Long-term intermittent fasting can reduce COVID-19 heart failure and death

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Intermittent fasting is a method of eating that involves alternating between periods of eating and fasting.

It has gained popularity in recent years due to its potential health benefits, including weight loss, improved blood sugar control, and reduced inflammation.

There is also growing evidence to suggest that fasting can have positive effects on metabolic and cardiovascular health, as well as cognitive function.

A new study by researchers at Intermountain Health builds upon this evidence, suggesting that fasting may also provide protection against heart-related COVID-19 complications in people with heart disease.

Of the 464 patients who had been diagnosed with COVID-19, 135 reported that they fasted routinely, on average for 42.7 years.

The team found that those who practiced regular fasting had a lower rate of heart failure-related hospitalization, complications, and death than COVID-19 positive patients in the study who did not fast.

The researchers emphasized that the study participants were not patients who fasted as part of a fad diet but had been fasting for religious reasons for decades.

They stressed that anyone who wants to consider starting a new fasting practice should consult their doctors first, especially if they are elderly, pregnant, or have conditions like diabetes, heart or kidney disease.

The team noted that more research is needed to fully understand why intermittent fasting is associated with better COVID-19 outcomes in patients being treated for heart conditions.

However, they suggested that fasting reduces inflammation, which is associated with poor COVID-19 outcomes, and promotes autophagy, which helps the body destroy and recycle damaged and infected cells.

Additionally, after 12 to 14 hours of fasting, the body switches from using glucose in the blood to ketones, which can improve heart function.

Moreover, fasting may also have other potential health benefits.

For example, research has shown that intermittent fasting can improve insulin sensitivity, reduce blood pressure, and lower cholesterol levels.

It may also protect against age-related diseases like Alzheimer’s and Parkinson’s by promoting the production of brain-derived neurotrophic factor (BDNF), a protein that helps the brain grow and repair itself.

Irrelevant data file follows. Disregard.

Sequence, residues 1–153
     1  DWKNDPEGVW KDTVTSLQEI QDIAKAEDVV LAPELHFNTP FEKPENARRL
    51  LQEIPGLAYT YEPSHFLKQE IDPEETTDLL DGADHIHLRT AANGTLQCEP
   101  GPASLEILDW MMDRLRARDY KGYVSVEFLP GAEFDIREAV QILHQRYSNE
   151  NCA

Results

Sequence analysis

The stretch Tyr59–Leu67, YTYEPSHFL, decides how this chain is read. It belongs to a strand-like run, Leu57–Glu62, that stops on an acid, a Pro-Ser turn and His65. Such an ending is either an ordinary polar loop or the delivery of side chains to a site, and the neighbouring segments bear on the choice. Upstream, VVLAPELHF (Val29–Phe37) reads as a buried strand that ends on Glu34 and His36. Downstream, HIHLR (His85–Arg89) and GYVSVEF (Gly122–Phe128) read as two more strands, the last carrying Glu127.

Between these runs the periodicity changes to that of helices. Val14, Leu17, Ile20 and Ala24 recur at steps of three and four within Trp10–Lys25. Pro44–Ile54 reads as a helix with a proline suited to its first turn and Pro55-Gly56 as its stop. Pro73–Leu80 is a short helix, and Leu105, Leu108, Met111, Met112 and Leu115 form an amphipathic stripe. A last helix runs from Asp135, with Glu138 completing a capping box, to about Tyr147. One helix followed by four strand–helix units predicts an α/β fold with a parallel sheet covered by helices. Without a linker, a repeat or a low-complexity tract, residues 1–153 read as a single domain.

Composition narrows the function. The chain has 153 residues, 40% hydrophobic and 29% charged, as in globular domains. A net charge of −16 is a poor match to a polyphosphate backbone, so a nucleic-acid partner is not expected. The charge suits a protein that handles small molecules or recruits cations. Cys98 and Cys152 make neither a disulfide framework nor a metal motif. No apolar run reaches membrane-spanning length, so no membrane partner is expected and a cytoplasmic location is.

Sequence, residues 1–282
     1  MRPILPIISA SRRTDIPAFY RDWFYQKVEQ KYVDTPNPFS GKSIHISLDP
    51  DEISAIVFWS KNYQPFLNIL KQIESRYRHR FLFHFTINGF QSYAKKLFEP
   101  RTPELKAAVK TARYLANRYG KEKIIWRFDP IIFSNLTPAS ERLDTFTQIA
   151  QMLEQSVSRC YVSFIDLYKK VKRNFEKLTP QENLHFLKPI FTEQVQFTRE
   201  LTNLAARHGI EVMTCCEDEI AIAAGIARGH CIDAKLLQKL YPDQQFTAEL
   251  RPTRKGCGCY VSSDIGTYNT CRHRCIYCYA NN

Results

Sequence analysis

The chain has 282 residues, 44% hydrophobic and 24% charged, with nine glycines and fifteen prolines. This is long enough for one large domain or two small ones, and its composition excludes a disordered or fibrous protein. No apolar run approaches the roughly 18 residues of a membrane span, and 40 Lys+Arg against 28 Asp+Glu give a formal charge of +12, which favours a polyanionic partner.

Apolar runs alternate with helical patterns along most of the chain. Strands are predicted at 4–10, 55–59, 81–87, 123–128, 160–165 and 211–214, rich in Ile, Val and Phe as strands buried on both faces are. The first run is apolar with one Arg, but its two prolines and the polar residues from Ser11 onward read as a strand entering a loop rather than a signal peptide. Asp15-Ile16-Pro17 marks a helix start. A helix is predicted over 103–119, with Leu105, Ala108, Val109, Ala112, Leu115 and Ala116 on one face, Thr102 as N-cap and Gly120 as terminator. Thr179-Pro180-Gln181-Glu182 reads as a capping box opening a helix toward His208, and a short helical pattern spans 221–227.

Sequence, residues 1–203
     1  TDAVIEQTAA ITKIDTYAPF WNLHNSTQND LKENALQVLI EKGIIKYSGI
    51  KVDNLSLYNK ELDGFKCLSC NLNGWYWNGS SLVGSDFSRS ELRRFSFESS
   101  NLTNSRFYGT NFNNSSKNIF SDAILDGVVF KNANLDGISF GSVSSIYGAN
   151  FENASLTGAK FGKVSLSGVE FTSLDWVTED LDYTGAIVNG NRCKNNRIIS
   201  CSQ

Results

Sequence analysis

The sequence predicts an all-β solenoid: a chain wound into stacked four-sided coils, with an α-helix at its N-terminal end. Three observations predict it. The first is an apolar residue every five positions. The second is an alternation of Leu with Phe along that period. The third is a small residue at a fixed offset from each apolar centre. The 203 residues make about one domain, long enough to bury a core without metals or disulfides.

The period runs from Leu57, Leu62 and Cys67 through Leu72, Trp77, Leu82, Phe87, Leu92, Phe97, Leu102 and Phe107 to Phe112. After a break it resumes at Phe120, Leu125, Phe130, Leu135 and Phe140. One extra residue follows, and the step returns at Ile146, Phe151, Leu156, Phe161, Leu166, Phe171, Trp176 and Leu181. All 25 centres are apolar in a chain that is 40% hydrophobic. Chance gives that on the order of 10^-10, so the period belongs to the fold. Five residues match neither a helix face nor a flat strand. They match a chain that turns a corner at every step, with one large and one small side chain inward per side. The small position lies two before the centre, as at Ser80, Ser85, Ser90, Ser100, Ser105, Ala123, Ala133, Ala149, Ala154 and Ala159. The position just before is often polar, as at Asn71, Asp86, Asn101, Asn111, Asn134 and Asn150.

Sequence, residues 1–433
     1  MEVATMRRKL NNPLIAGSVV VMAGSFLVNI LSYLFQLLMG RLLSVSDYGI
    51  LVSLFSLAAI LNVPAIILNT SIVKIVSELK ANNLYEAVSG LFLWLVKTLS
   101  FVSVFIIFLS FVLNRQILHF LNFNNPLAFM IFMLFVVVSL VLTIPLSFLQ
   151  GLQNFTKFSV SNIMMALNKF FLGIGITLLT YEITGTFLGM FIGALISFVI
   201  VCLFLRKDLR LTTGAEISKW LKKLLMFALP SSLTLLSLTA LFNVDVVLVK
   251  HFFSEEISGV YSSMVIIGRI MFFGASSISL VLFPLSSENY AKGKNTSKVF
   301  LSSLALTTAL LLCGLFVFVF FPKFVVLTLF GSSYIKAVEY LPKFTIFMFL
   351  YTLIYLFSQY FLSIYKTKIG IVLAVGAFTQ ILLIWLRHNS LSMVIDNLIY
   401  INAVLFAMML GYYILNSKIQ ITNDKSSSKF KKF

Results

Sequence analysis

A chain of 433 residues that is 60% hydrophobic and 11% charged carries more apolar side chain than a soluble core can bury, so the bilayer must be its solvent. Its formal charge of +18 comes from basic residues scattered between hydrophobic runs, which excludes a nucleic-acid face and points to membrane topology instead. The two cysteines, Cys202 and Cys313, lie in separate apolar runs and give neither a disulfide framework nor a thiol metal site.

Despite these potential benefits, it’s important to note that fasting is not appropriate for everyone.

People with certain medical conditions, such as diabetes or eating disorders, may be advised against fasting. Pregnant and breastfeeding women should also avoid fasting, as should children and adolescents.

In summary, the recent study by researchers at Intermountain Health suggests that regular fasting over long periods of time may provide protection against heart-related COVID-19 complications in people who have previously sought cardiac care.

While more research is needed to fully understand the link between fasting and improved cardiovascular health, the findings provide insight into the potential benefits of this eating pattern.

However, as with any dietary changes, it’s important to consult with a doctor or healthcare professional before starting a new fasting practice.

There are several ways to do IF, but the most common methods are:

16/8 Method: Also known as the Leangains method, this involves fasting for 16 hours and eating within an 8-hour window. For example, you might choose to eat only between noon and 8 pm, and fast for the remaining 16 hours.

5:2 Diet: This involves eating normally for five days of the week and restricting calories to 500-600 for two non-consecutive days.

Alternate-Day Fasting: This involves fasting every other day, either by restricting calories to 500-600 or by completely fasting.

Eat-Stop-Eat: This involves fasting for 24 hours once or twice a week.

It’s important to note that IF may not be suitable for everyone, especially those with certain medical conditions or who are pregnant or breastfeeding.

If you’re considering trying IF, it’s a good idea to consult with a healthcare professional to ensure it’s safe and appropriate for you.

If you care about Covid, please read studies about hand size linked to risk of severe COVID-19, and Vitamin D level could determine COVID-19 severity.

For more information about heart health, please see recent studies about How vitamin K helps protect the heart, reduce blood clots and death risk and results showing that the best time to take vitamins to prevent heart disease.

The study was conducted by Dr. Benjamin Horne et al.

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